There’s no other major item most of us own that is as confusing, unpredictable and unreliable as our personal computers. Everybody has questions about them, and we aim to help.
Here are a few questions about computers I’ve received recently from people like you, and my answers. I have edited and restated the questions a bit, for readability. This week my mailbox contained many questions about Microsoft Office 2007.
Will the new Office 2007 require Windows Vista, or will it run on Windows XP?
Office and Windows are separate products. Office 2007 runs fine on both the forthcoming version of Windows, called Vista, and on the current Windows XP. I have tested it on both.
You didn’t mention Microsoft Access in your review. Has it changed along with the other Office programs?
I never review Access because it isn’t meant for average consumers, who are my primary audience, and it isn’t included in the Standard or Home versions of Office. However, Access 2007 does have the same all-new user interface as the rest of Office. For more information, see: office.microsoft.com/en-us/access/FX100487571033.aspx.
I understand that the new Excel can handle much larger spreadsheets than the old one, but am wondering if using these giant spreadsheets would slow down a computer?
Yes, Microsoft says that Excel 2007 can now handle spreadsheets with up to one million rows by 16,000 columns, compared with 65,536 rows by 256 columns in the prior version. The company adds that, to help with the load, Excel can now make use of both processor cores in one of the new dual-core computers. However, it’s safe to assume that such a huge spreadsheet would cripple an average older PC. For more on the new Excel, see: office.microsoft.com/en-us/excel/FX100487621033.aspx
When will the Macintosh version of Office 2007 come out? Will it have the same new user interface? Will it be able to read the new Office file formats?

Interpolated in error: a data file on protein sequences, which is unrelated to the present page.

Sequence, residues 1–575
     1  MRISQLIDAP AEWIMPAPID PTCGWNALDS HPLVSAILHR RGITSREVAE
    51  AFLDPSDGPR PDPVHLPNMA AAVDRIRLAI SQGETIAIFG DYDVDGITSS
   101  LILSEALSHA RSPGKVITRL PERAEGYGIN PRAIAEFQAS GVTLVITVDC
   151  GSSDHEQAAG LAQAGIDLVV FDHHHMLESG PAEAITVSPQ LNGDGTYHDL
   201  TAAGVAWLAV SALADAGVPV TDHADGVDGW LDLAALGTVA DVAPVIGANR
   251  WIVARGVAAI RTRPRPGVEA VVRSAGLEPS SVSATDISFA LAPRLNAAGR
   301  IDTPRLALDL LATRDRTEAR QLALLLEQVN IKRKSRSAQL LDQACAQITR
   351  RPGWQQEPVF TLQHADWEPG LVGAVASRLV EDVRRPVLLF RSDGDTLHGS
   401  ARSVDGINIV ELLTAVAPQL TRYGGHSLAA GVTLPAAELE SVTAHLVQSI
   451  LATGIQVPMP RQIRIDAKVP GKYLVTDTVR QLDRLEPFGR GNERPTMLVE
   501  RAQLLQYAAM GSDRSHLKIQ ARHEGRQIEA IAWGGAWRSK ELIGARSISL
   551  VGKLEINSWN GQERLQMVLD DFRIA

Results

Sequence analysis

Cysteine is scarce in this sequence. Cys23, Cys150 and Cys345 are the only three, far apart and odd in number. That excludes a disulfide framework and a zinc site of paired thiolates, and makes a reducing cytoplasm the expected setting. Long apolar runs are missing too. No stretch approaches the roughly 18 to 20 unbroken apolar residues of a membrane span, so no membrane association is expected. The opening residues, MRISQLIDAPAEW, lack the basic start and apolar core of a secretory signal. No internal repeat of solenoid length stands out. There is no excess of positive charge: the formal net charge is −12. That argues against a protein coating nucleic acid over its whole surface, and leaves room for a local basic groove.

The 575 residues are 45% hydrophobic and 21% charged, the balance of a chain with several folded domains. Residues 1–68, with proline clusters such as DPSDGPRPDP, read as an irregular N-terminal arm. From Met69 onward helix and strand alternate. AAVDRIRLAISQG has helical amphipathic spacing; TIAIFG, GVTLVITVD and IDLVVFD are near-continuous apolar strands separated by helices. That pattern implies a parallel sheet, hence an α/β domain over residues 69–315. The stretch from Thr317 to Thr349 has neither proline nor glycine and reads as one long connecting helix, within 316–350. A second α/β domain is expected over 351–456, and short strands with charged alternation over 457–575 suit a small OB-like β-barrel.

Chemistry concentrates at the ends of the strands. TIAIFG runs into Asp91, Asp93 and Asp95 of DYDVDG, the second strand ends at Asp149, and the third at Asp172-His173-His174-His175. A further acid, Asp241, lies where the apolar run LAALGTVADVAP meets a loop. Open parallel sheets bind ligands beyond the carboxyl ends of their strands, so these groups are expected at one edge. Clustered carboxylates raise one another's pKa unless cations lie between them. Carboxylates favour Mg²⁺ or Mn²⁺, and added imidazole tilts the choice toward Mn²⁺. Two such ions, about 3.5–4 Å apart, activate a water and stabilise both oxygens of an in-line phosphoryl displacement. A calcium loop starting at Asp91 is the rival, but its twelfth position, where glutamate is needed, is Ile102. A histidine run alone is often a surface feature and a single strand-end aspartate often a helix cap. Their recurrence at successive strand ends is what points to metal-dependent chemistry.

The Windows and Macintosh versions of Office, while similar in many respects, are different programs, with different names and release dates, which are developed by separate teams at Microsoft. There won’t be an Office 2007 for the Mac, per se. But there will be a new Mac version of Office in the second half of this year, according to Microsoft. It will be called Office 2008.
This new Mac version will have its own new interface, which will differ from the one in the new Windows version, and won’t be as much of a radical change. Unlike the new Windows version, the forthcoming Mac version will still have the usual menus. It won’t have the “Ribbon” interface used by the Windows version, but will have something called the “Elements Gallery.”
As to file formats, the new Mac version will be able to read and write the new formats introduced with the Windows version. For users of the older Mac version of Office, Microsoft is promising to release converters, in beta form, in the spring.
You reported that Microsoft has stripped Outlook from Office. If you install the new Office 2007, can you still keep the old Outlook 2003?
Whoa, there. I never said Outlook had been stripped from Office. I merely said it had been dropped from the cheapest version of Office, the $150 Home and Student edition. It’s still a part of the Standard version and all the other versions.
As for keeping Outlook 2003 when you install Office 2007 Home and Student edition, Microsoft says you can do it, but only if you select “custom” in setup, and specifically choose NOT to remove Outlook. (The standard install process would remove the old Outlook, even though no new Outlook would be installed.)
However, the two programs won’t work perfectly together. Outlook 2003 won’t use Word 2007 for composing and editing emails, but will instead revert to using its internal message editor for that purpose.
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Because of the volume of e-mail I receive, I can’t routinely answer individual questions by e-mail, or consult on individual problems or purchasing decisions. I read all questions I receive and select three each week to answer in the column.
Write to Walter S. Mossberg at firstname.lastname@example.org